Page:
An Excursion into the Uncharted Waters of the Seventeenth Amendment
30 Pages Posted: 6 Mar 2009
Date Written: 1991
The Seventeenth Amendment mandates that Senators shall be "elected by the people." In the event that a Senate vacancy occurs, the Seventeenth Amendment allows a state's legislature to "empower the executive [of the State] to make temporary appointments until the people fill the vacancies by election as the legislature may direct." In this Article, Professor Laura Little analyzes the Third Circuit's opinion in Trinsey v. Pennsylvania, a case that arose in the aftermath of Senator John Heinz's 1991 death, and addressed the constitutionality of Pennsylvania's temporary appointment statute.
The issue in Trinsey was whether the Seventeenth Amendment allows a state to forego a primary election in choosing candidates to fill the Senate vacancy, instead empowering political party committees to select the candidates, which is what title 25, section 2776 of the Pennsylvania Statutes provides for. Reversing the trial court's determination that section 2776 was unconstitutional, the Third Circuit held that the Seventeenth Amendment did not require a state to hold primary elections when filling Senate vacancies. Professor Little criticizes the Trinsey opinion for its failure to address arguments and concerns on both sides of the issue, thereby passing up an opportunity to provide much-needed guidance on the Amendment's meaning. In her own analysis, Professor Little notes that the Trinsey opinion fails to take into consideration many factors such as the importance of primary elections in Pennsylvania's political process, the specific evils that the Seventeenth Amendment as a whole was meant to cure through requiring more democratic procedures for electing state senators, and the resemblance of section 2776's procedures with the same procedures that Congress rejected through the Seventeenth Amendment. Although Professor Little concedes that exigency may have required the one-sided approach to the issue, she expresses particular concern that given the dearth of judicial precedent dealing with the Seventeenth Amendment, the Trinsey opinion will end up creating substantial uncertainty and confusion for lower courts and future litigants who are unable to discern the limits of the decision. Professor Little thus ends the article with a general jurisprudential discussion of the importance of candor in judicial decisions.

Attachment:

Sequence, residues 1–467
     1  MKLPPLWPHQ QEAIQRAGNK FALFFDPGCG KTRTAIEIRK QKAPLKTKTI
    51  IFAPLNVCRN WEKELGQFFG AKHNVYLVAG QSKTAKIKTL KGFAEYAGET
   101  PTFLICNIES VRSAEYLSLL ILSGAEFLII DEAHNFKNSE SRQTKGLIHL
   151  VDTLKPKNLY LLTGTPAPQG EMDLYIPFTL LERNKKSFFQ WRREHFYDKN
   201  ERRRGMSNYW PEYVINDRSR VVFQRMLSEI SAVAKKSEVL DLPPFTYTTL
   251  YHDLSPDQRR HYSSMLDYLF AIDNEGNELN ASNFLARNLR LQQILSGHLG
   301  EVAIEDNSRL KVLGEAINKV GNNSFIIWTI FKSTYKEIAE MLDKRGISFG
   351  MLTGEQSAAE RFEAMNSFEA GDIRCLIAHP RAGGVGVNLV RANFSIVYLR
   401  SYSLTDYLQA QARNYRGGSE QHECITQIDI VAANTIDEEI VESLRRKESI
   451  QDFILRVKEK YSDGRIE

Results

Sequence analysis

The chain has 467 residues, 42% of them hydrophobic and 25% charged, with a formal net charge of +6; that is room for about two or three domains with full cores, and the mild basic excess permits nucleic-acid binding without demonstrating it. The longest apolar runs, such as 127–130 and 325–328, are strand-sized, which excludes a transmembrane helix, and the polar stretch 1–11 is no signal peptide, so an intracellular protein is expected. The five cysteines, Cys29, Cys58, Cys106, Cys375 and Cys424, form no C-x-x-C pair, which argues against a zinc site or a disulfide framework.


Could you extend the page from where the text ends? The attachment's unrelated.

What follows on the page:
Keywords: constitutional law, Seventeenth Amendment, Pennsylvania law, right to vote, democratic elections, franchise, United States Senate, direct election of Senators, major-party nominations, state election procedures, judicial candor, John Heinz, constitutional rights, Trinsey, United States v. Classic
JEL Classification: K10, K19, K30, K39, K49
Suggested Citation: Suggested Citation